Whether it's the holidays, vacation season, or any other time of the year when you take your spending up a notch, the aftermath can be sobering. Credit card bills and bank statements arrive. Suddenly, you feel bloated—and resolve to cut some of the fat from your budget. These five steps could help you go on a spending diet to improve your financial health:
1. Count the "calories." Where is the extra weight really coming from? Before you can trim expenses, you need to know what they are. But documenting every single item can be tedious and nerve-wracking. For many people, a better option is to make a list, based on your statements, that provides a ballpark estimate. Then you can determine what percentage of income goes toward necessities, such as housing and food costs, and what is discretionary. Aim to save at least 20% by cutting back on the luxuries.
2. Focus on the "meat and potatoes." Don't ignore those major monthly costs—your mortgage, car loans, and insurance premiums. Look for ways you can spend less on these "fixed" items. For instance, it might make sense to refinance the mortgage and shop for less expensive auto insurance. Similarly, you might be able to reduce commuting costs by carpooling or switching to mass transportation.
3. Stick to the daily regimen. Just like you can't lose weight by starving one day and splurging the next, a savings diet requires a regular routine. Consider the impact of cutting your daily spending by an average of $3 or $4. That could add up to more than $100 a month, and over $1,200 a year. Small changes can multiply into a much bigger impact.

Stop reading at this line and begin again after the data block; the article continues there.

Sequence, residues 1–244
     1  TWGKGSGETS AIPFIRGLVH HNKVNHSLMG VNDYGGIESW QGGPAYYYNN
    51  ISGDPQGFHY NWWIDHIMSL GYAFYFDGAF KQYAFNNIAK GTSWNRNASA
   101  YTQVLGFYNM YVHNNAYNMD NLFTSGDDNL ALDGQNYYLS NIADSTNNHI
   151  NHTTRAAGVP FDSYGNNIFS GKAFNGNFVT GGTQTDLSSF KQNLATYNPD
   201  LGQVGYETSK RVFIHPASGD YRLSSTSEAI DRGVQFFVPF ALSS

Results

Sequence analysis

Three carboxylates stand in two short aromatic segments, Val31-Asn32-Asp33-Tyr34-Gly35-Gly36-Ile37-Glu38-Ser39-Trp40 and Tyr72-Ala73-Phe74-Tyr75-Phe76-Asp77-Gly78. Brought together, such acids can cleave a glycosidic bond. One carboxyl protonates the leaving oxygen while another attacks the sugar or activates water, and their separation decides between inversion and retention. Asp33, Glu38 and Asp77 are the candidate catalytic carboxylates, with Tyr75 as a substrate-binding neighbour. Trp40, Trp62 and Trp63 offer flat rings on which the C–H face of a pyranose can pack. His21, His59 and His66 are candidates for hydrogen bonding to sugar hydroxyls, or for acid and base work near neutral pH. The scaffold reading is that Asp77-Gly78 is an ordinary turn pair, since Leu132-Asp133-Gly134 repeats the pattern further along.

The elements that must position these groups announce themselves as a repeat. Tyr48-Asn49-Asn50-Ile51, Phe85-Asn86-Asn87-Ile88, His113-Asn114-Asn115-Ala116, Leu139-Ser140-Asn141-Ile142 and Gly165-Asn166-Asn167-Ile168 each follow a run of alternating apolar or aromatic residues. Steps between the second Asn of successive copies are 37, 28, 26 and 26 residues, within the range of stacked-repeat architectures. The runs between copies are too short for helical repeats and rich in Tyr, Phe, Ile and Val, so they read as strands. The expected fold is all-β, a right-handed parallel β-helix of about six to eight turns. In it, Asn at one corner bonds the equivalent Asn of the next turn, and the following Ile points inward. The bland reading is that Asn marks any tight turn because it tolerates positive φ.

4. Give yourself an occasional break. Even if you're watching your spending waistline, you don't have to be good all the time. If you enjoy some small luxuries—going to the movies, say, or getting a manicure—you're entitled to treat yourself. But watch out for wasteful spending on upgrades that are way beyond your pay grade. Figure out what's truly important to you to decide where you can cut costs.
5. Try an all-cash diet for a week. When you put away your credit and debit cards, you may find that you're less likely to spend frivolously. This also helps you to pay more attention to how and what you're spending, and to prioritize your preferences.
Finally, don't just sit on the savings. Take the money you've managed to set aside on your diet and invest it where it can provide benefits in the future. If you've been skimping on your 401(k) or IRAs, those are good places to stash the extra cash. This will allow you to indulge more during retirement years when you're no longer pulling down a paycheck.
This article was written by a professional financial journalist for McCarthy Asset Management, Inc and is not intended as legal or investment advice.